As a Miami personal injury lawyer, often times the most catastrophic injuries that I come across occur at or near construction sites.
This past Friday a construction worker in Vilonia, Arkansas was working on a project at a local high school to build a safe room. The worker had been employed by a construction company sub-contracted to perform brick and block work. School officials had indicated that the primary contractor on the project hired the injured construction worker’s company. While working on the project, the worker was utilizing a cement mixer stand. During the course of that construction, the commercial cement mixer collapsed and had landed on top of the worker. Authorities say that a piece of equipment such as a cement mixer can easily weigh approximately 1000 pounds. The injured construction worker was transported via helicopter to Little Rock hospital and is said to be in stable condition.
While this may appear to be your run of the mill construction site accident, a common question arises when construction workers are injured on projects involving multiple contractors. Which contractor is responsible for the injury? The simple answer — it depends. Rather than delving into a whole drawn out legal analysis regarding contractor/sub-contractor law, it often times comes down to safety rules. That’s right. Safety rules.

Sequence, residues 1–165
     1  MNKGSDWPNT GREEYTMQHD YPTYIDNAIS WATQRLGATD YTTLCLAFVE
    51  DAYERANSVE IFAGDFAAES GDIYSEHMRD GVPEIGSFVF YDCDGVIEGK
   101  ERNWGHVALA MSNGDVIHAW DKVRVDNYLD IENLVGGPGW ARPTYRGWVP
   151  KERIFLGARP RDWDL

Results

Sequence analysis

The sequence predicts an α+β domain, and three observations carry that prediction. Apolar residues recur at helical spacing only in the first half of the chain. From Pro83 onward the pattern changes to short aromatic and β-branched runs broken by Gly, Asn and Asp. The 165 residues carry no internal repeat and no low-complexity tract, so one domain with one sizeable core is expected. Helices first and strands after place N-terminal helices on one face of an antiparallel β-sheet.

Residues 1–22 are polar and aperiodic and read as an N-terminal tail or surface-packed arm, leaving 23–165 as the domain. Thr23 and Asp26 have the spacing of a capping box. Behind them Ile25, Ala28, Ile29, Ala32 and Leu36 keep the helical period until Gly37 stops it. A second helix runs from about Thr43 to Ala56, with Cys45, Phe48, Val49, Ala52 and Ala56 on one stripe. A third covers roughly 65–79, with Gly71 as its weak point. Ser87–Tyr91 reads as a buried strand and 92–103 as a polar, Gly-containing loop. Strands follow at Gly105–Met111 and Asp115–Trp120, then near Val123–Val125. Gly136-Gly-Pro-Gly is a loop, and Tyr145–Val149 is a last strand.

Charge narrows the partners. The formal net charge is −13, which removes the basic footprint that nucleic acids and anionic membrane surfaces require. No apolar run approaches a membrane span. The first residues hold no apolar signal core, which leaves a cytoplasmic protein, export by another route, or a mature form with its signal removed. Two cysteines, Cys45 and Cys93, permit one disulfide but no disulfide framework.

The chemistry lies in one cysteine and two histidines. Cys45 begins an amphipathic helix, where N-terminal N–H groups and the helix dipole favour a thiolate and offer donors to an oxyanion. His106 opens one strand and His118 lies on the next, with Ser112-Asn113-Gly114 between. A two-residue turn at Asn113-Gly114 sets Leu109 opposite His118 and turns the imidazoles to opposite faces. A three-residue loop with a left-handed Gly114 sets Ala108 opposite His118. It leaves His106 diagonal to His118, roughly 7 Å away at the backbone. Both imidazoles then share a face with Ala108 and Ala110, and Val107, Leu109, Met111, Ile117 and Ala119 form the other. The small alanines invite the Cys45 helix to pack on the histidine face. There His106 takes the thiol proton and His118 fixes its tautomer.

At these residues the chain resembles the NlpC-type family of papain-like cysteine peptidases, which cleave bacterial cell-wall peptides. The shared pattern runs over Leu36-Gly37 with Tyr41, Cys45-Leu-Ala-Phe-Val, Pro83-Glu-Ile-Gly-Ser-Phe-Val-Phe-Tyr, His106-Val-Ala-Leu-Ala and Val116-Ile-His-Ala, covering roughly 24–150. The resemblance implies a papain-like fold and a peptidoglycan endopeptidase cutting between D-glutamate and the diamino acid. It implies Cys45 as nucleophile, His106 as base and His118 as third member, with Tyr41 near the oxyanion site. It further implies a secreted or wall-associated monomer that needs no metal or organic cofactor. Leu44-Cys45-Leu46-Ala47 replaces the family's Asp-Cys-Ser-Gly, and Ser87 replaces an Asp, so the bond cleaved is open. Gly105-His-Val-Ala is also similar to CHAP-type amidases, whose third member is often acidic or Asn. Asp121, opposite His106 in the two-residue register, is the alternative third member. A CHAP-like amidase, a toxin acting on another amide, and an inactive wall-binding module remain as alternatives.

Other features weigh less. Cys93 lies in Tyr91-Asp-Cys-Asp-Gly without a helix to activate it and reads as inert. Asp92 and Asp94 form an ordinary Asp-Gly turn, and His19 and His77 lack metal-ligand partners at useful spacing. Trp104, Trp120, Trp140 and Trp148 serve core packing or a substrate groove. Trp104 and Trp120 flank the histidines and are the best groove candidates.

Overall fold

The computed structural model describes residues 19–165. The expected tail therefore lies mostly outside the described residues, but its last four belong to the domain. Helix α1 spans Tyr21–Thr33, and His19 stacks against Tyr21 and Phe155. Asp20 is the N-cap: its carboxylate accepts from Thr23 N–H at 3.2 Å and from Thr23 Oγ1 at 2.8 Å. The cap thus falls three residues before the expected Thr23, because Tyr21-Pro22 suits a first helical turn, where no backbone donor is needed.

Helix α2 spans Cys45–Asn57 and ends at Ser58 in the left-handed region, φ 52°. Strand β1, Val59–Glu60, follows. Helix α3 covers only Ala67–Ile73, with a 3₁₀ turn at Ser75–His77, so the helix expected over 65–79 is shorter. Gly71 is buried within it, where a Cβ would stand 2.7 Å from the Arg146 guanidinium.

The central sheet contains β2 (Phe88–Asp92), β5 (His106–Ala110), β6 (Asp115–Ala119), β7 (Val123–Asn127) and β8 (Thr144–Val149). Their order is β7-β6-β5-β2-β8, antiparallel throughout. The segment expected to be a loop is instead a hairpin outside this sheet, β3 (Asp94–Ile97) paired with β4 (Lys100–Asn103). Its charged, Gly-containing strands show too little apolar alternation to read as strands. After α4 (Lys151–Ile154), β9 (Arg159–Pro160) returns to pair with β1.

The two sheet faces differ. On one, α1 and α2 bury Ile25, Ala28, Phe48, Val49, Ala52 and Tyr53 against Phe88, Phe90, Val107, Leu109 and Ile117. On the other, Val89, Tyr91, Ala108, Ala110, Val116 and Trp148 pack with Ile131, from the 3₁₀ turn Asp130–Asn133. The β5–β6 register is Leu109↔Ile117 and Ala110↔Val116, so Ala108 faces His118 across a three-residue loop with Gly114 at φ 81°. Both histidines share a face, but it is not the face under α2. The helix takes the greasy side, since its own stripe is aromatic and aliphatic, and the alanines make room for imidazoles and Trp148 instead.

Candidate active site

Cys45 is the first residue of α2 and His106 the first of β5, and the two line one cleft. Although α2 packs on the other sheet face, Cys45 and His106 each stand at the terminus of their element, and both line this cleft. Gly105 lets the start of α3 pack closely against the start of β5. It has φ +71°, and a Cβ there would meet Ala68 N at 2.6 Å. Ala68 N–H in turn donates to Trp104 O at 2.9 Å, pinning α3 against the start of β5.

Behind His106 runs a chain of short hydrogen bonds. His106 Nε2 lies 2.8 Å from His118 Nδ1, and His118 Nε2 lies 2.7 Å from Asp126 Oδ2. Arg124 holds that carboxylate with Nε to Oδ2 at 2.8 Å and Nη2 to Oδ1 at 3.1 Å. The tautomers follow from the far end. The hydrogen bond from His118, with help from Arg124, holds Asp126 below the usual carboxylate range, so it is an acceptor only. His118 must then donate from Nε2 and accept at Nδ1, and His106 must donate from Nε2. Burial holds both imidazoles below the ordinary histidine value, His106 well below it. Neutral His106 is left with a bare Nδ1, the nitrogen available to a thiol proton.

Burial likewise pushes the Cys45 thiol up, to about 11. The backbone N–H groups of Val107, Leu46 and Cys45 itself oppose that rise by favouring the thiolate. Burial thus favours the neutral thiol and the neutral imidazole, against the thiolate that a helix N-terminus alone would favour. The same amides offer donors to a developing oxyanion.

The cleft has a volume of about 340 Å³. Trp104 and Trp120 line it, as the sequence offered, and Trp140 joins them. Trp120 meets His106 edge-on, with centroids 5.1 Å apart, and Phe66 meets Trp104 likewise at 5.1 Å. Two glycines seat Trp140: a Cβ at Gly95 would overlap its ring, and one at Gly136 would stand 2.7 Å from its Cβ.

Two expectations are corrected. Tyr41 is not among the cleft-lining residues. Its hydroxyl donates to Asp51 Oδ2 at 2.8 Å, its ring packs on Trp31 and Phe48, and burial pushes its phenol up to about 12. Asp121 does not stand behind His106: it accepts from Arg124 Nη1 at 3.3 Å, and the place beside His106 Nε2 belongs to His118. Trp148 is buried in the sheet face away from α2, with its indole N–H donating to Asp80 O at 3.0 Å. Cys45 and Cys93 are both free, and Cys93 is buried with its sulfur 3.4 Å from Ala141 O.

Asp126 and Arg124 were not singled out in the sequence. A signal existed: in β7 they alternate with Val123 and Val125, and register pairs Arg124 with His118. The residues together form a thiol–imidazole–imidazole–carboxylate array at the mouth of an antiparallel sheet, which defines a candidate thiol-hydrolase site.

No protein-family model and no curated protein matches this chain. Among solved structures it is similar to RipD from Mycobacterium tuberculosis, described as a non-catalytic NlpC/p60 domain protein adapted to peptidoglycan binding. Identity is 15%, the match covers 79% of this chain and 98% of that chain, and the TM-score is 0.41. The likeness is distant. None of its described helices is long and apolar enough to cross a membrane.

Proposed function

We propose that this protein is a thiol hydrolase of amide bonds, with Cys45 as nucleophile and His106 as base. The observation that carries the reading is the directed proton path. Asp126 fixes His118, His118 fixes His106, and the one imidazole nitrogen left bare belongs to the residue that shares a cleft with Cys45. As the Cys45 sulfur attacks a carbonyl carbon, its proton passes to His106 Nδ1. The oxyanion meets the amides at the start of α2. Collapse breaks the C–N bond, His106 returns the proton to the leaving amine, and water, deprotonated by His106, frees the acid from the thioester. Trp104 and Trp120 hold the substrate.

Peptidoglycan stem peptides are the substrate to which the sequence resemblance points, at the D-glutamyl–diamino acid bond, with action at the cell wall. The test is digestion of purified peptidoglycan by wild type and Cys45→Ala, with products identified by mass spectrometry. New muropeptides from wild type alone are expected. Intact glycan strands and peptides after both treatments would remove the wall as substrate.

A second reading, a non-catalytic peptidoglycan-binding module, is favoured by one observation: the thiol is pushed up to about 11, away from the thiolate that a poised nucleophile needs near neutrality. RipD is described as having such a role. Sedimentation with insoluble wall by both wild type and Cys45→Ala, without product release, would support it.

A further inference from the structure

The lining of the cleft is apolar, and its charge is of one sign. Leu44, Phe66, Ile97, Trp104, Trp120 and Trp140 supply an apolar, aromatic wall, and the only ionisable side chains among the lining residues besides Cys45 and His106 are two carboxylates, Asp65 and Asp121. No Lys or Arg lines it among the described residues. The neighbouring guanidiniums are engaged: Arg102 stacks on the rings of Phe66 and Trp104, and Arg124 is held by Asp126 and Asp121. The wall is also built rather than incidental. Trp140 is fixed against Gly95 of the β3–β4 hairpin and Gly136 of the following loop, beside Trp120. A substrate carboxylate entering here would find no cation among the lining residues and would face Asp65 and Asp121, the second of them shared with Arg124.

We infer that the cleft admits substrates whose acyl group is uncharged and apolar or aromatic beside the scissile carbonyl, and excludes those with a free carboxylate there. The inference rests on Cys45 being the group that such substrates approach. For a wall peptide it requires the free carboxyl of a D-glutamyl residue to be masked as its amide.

Generally, laws are in place to protect and ensure your safety, as well as the safety of our construction workers. On many highly funded construction projects, a general or primary contractor is hired, but then needs to hire sub-contractors to assist with the successful completion of the project. That was most likely the case with the Vilonia project mentioned above. The Occupational Safety and Health Administration and Florida Department of Transportation sets forth certain safety standards that construction companies are required to follow. During the course of my practice in construction site injury litigation, a key component to uncover is whether or not the defendant, construction company, followed safety regulations. I find it baffling at how often construction companies fail to take into account safety policies. In fact, many are lackadaisical in their training of employees, including work site supervisors, about these safety regulations. Sadly, the ones who are injured are the construction workers that are unaware of the numerous safety violations committed by their employer.
By no means am I contending that the cement mixer accident was due to safety violations by the contractors employed on the Vilonia project. However, if a situation such as the accident in Vilonia should ever proceed toward litigation, it is imperative for the injured construction worker to investigate whether any safety rules have been violated.
By: Brandon Stein